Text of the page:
The new Minister of Finance, Tito Mboweni, delivered his “maiden” medium-term budget policy statement four weeks ago in Parliament.

The metrics were bad and took the markets by surprise, and as a result, the rand tanked and bond yields spiked.

But there were elements of the medium-term budget policy statement that were courageous.

To his credit, the minister took on the wreckers inside the governing party, warning them not to attack the mandate and independence of the reserve bank.

Which is exactly what the wreckers inside the governing party needed to be told as they force us closer to the brink.

  1. Economic Trouble

We are in deep economic trouble and the minister was absolutely right when he warned that we are at a crossroads.

We have a growth problem, with an average economic growth rate of 2% expected over the medium term between 2019/20 and 2021/22.

We have a revenue problem, with a revenue shortfall of R57 billion expected over the medium term between 2019/20 and 2021/22.

We have an expenditure problem, with an expenditure overrun of R23 billion over the medium term between 2019/20 and 2021/22.

We have a state-owned enterprises problem, with zombie state-owned enterprises requiring billions of rands in bailouts between 2019/20 and 2021/22.

We have a deficit problem, with our fiscal deficit expected to blow out to R251 billion, or 4% of GDP, by 2021/22.

We have a debt problem, with our national debt expected to reach a staggering R3.7 trillion, or 59% of GDP, by 2021/22.

And we remain a small open economy with “twin deficits” making us vulnerable to external shocks.

  1. Debt Ceiling

Which is why we welcome the minister’s announcement that it is now time to consider a new “fiscal anchor”.

The aim of fiscal policy has been to stabilize national debt, which has been a spectacular failure given the fact that national debt will increase from R627 billion, or 26% of GDP, in 2008/09, to a staggering R3.7 trillion, or 59% of GDP, in 2021/22.

What this means is that we will be spending a staggering R247 billion on debt service costs in 2021/22, which is the equivalent of what we will spend on basic education this year, in 2018/19.

We think the solution is a statutory fiscal rule and we are in the advanced stages of preparing a Private Members Bill, called the Fiscal Responsibility Bill, which will make provision for a “debt ceiling”.

  1. Wreckers

We cannot go on like this and we hope that the minister will not allow himself to be muzzled and will continues to take on the wreckers inside the governing party.

He started off well by:

  • by saying that zombie state-owned enterprises like South African Airways should be shut down; and
  • by saying that those who support land expropriation without compensation are ill informed.

Which, of course, was greeted with horror by the wreckers inside the governing party, because they still reminisce fondly about the good of days of Check Point Charlie and Aeroflot.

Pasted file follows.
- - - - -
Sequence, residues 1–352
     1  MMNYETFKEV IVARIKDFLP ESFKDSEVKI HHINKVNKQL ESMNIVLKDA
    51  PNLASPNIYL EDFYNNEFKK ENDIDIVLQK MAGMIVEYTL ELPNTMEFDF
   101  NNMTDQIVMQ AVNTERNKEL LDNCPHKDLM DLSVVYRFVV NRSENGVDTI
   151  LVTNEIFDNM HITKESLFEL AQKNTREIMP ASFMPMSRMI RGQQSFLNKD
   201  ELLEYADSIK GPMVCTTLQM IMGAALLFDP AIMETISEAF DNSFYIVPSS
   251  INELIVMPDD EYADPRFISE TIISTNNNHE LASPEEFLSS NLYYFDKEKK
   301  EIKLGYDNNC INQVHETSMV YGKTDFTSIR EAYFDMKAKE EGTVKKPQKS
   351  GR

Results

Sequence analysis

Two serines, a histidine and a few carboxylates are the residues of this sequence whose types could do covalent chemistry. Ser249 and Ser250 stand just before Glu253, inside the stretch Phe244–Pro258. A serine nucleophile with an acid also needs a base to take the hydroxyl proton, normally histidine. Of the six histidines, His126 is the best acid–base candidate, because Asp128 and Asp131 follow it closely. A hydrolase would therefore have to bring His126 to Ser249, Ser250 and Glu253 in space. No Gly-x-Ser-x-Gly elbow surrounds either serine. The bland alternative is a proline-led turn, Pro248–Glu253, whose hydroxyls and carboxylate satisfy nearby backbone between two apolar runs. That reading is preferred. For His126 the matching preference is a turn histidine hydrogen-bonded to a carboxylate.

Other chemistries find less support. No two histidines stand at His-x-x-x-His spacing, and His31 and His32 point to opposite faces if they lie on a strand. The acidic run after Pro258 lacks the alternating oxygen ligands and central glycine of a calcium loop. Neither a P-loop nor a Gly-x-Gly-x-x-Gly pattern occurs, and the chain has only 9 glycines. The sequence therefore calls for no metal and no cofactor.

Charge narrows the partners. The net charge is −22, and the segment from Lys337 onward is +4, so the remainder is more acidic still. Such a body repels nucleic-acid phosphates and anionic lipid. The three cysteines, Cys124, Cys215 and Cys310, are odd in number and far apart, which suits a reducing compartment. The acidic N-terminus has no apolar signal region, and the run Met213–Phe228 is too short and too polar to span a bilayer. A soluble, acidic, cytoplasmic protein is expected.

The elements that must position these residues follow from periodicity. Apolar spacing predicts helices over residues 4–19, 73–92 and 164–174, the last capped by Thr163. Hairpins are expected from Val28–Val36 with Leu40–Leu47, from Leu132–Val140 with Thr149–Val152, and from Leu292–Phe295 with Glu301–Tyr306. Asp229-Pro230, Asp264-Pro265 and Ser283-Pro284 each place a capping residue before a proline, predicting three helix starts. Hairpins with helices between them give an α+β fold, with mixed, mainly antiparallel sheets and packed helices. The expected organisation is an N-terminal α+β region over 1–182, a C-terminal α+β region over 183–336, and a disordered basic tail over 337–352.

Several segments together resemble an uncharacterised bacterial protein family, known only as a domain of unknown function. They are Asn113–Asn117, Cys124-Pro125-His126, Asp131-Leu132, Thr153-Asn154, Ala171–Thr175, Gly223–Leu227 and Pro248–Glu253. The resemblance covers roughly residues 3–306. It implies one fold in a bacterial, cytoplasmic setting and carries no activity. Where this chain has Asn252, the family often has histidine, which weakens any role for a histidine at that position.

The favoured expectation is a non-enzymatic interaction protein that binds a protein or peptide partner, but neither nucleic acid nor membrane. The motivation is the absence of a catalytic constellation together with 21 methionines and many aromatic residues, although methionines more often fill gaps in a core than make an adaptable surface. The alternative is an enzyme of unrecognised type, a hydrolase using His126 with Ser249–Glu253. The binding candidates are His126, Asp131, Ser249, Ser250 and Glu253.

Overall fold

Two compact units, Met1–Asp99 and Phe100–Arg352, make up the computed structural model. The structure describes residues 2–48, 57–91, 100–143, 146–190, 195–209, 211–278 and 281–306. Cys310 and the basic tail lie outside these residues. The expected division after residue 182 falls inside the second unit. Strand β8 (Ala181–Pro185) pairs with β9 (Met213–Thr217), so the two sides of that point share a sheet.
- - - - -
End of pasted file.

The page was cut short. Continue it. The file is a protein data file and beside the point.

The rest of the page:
The minister needs to take on:

  • Jeremy Cronin, who is still shackled to the idea of a Soviet-style central state planning commission and who thinks the National Development Plan consists of “some useful insights and recommendations, intriguing but untested proposals, summaries of programmes long under way, and much else”.

He needs to take on

  • Rob Davies, who is still shackled to the idea of a Soviet-style smokestack economy with workers toiling around blast furnaces happily singing “Arise ye workers” as they deliver a perfect rendition of the “The Internationale”.

The minister needs to take on:

  • Ebrahim Patel, who is busy weaponizing the competition commission to stamp out monopolies in the private sector, while doing everything in his power to protect monopolies in the public sector, including desperately clinging on to the biggest monopoly in the country, Eskom.

Of course, there is one wrecker the minister does not have to take on and that is Yunus Carrim, because he is a “Communist of a Special Type”.

He fights the struggle of the working class, not from the factory floor, or from the plains of Outer Mongolia as he often claims, but from the lobbies of the most lavish hotels in Washington.

And that is because his best kept secret is … wait for it … that despite being a leading member of the Communist Party, he serves as a board member on the parliamentary network of …wait for it … the World Bank and the International Monetary Fund.

  1. Nutters

Oh, and the minister should not forget Nomvule Mokonyane, who is more of a nutter than a wrecker, and who thinks that we can just “pick up the rand”.

  1. Conclusion

In the end, we welcome the fact that the minister:

  • has decided to remain on Twitter; and
  • has decided to be more careful on Twitter.

We know he has had a bad start, but things will get better and we look forward to debating the best ideas to take us forward in South Africa.

We need a full investigation into Ramaphosa’s Bosasa payments